Time to change that.
Omg, I want to print this out and throw them everywhere, especially at school, so many people do these things and don’t understand that racism is at lot more subversive than someone just spewing racial slurs
The structural and political dimensions of gender violence and mass incarceration are linked in multiple ways. The myriad causes and consequences of mass incarceration discussed herein call for increased attention to the interface between the dynamics that constitute race, gender, and class power, as well as to the way these dynamics converge and rearticulate themselves within institutional settings to manufacture social punishment and human suffering. Beyond addressing the convergences between private and public power that constitute the intersectional dimensions of social control, this Article addresses political failures within the antiracism and antiviolence movements that may contribute to the legitimacy of the contemporary punishment culture, both ideologically and materially.
here’s a roundup of the maps of “North American indigenous territories” I’ve seen on tumblr in the last two weeks. please note the following:
- save for the second one, none of them are dated. “pre-contact” is not a date. “colonial” is not a date. the first could mean 1500 or 1850 or anywhere in between. the latter could be any one of those dates, all the way up to the present. an ahistoric map is an uncontextualized map which means it is an essentially useless and ignorant map.
- they all contradict each other. which one is right? they were all drawn by white academics, so it’s hard to really know, huh?
- they all have major flaws and inaccuracies. there are at least 500 different tribes in N. America—none of these maps save the second to last one have that many listed, and that one is of Northern California alone!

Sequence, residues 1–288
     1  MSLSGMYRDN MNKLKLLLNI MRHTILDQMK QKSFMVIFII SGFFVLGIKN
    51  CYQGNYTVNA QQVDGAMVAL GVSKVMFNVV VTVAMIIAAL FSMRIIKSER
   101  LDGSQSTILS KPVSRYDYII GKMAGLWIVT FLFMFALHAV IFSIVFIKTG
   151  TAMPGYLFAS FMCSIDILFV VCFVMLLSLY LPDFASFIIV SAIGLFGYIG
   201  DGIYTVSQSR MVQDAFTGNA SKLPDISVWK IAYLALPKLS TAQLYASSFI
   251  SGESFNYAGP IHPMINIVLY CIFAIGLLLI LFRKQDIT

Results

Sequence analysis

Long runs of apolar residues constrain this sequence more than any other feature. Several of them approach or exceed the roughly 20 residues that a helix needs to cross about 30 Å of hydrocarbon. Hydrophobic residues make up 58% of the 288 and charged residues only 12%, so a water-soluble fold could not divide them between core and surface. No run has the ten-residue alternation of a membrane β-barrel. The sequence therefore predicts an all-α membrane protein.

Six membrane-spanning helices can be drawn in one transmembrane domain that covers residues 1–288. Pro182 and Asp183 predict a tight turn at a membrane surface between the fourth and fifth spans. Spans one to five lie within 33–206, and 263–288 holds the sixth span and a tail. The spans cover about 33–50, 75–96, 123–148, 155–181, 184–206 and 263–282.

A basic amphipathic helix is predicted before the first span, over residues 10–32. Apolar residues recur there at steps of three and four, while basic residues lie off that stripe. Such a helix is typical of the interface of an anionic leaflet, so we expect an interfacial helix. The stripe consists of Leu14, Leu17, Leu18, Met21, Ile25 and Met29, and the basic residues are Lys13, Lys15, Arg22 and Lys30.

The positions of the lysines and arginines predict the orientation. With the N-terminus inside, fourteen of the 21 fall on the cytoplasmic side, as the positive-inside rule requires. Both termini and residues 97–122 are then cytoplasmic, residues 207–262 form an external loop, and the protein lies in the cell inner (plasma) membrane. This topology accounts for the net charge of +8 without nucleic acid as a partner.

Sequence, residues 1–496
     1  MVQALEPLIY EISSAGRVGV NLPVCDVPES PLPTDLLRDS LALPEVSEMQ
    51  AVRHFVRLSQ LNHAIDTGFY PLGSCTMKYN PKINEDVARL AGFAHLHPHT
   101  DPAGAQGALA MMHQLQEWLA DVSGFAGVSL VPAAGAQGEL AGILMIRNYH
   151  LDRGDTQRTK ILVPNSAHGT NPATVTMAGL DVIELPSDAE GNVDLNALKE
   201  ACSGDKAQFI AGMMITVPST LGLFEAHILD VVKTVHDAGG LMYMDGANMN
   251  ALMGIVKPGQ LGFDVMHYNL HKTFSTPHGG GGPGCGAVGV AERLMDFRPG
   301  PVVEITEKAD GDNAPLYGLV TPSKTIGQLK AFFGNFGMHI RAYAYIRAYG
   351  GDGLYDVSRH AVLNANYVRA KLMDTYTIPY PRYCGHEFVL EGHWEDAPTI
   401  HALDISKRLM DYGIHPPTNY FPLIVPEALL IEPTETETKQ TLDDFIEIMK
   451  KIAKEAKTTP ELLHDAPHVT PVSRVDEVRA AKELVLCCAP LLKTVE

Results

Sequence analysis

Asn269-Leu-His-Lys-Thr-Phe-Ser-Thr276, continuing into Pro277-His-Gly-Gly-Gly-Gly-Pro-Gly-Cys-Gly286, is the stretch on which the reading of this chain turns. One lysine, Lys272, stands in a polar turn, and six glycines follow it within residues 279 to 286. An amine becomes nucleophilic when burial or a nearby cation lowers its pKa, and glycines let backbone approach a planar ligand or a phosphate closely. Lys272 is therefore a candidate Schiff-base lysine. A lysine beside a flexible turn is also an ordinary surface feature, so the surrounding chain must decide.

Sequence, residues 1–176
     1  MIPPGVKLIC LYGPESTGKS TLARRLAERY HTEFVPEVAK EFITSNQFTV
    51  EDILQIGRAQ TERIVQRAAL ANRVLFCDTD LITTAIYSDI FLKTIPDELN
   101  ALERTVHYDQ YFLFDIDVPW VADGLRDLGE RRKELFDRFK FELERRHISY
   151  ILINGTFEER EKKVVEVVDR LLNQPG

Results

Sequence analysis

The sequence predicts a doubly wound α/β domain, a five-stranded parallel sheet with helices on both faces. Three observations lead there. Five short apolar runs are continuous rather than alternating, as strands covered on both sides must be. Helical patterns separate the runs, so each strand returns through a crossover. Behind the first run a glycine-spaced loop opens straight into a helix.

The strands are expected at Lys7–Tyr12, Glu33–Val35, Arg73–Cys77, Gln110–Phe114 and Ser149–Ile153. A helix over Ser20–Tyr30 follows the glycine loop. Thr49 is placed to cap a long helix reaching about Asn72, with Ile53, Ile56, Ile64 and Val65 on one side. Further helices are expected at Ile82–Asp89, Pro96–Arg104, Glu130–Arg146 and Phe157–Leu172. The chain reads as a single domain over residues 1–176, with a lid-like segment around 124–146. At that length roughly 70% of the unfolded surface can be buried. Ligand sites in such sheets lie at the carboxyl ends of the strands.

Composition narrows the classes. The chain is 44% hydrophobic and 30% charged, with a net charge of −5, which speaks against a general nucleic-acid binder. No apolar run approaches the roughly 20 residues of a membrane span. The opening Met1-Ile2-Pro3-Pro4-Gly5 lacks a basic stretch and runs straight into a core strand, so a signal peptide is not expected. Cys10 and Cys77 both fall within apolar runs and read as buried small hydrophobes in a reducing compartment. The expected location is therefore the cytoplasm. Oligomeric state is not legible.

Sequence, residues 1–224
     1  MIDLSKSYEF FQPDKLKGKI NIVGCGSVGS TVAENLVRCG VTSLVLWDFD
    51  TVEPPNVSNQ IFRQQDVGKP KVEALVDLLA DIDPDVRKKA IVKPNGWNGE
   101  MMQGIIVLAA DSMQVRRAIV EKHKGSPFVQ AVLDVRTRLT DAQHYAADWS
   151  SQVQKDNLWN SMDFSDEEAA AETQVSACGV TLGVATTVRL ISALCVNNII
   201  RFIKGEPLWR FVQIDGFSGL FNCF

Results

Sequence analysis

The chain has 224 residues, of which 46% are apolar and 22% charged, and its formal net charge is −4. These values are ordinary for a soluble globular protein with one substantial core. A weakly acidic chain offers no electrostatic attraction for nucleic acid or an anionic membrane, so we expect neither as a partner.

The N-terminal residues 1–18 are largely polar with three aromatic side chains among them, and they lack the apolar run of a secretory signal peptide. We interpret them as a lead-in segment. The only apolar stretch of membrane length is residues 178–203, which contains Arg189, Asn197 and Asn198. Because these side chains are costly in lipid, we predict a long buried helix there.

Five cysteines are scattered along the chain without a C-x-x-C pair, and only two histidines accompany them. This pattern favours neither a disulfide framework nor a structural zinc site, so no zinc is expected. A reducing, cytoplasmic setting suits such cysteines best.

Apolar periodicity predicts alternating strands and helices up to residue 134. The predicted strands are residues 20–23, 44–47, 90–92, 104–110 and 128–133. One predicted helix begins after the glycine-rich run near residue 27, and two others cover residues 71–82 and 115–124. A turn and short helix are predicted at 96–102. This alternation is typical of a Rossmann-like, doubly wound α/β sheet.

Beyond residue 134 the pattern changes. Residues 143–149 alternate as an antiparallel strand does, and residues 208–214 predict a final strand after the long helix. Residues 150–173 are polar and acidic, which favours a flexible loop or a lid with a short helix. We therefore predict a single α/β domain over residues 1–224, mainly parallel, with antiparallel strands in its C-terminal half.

Academics and cartographers will lie to you and say that it’s hard to know which lands belonged to whom in the “pre-contact days.” This is a reflection of their unwillingness to dialogue with indigenous peoples and knowledges than it is actual existing information, because you can bet Native peoples know which land is theirs.
They’ll legitimate “estimations” and “generalizations” for the sake of “general knowledge” that “indigenous peoples were there.” That’s part of a larger colonial narrative that tells us it’s okay to belittle indigenous histories and knowledges for the sake of ignorance produced by that same colonial narrative.
Finally, they’ll hide behind industry-granted authority grounded in objectivism—as if colonizers could ever be objective about the lands they’re colonizing. In the words of Fanon, “for the colonized person, objectivity is always turned against them.” This authority is granted by colonial institutions of power that actively works to the detriment of indigenous peoples and legitimates epistemic and material violence from academics and professionals. There is no such thing as objectivity, much less an objective map.
Aside from formal reservation boundaries, there are no maps in existence which adequately represent indigenous territories of North America (and even reservation boundaries are complicated and changing, and don’t include unrecognized tribes). What does indigenous territory mean? Is it legal landholdings? Cultural areas? Linguistic areas? Historic areas, and if so, from which time period? The only way to account for the multiple and varied iterations and meanings of “indigenous territories” is to create maps of extremely small areas, working from indigenous knowledges and histories. They would have to be something like 20x60mi on each page, and even then would require multiple iterations, taking historic change, varying definitions, and varying narratives into account (many boundaries are contested or overlap!). The final project would be a whole series of massive atlases.
Maps are an assertion of power. Think carefully what kind of power you’re perpetuating when using maps like these. For more information and to see other posts I’ve written on the subject (including the use of generalization & linguistic area maps), see these posts: 1, 2, 3, 4, 5, 6, 7, 8.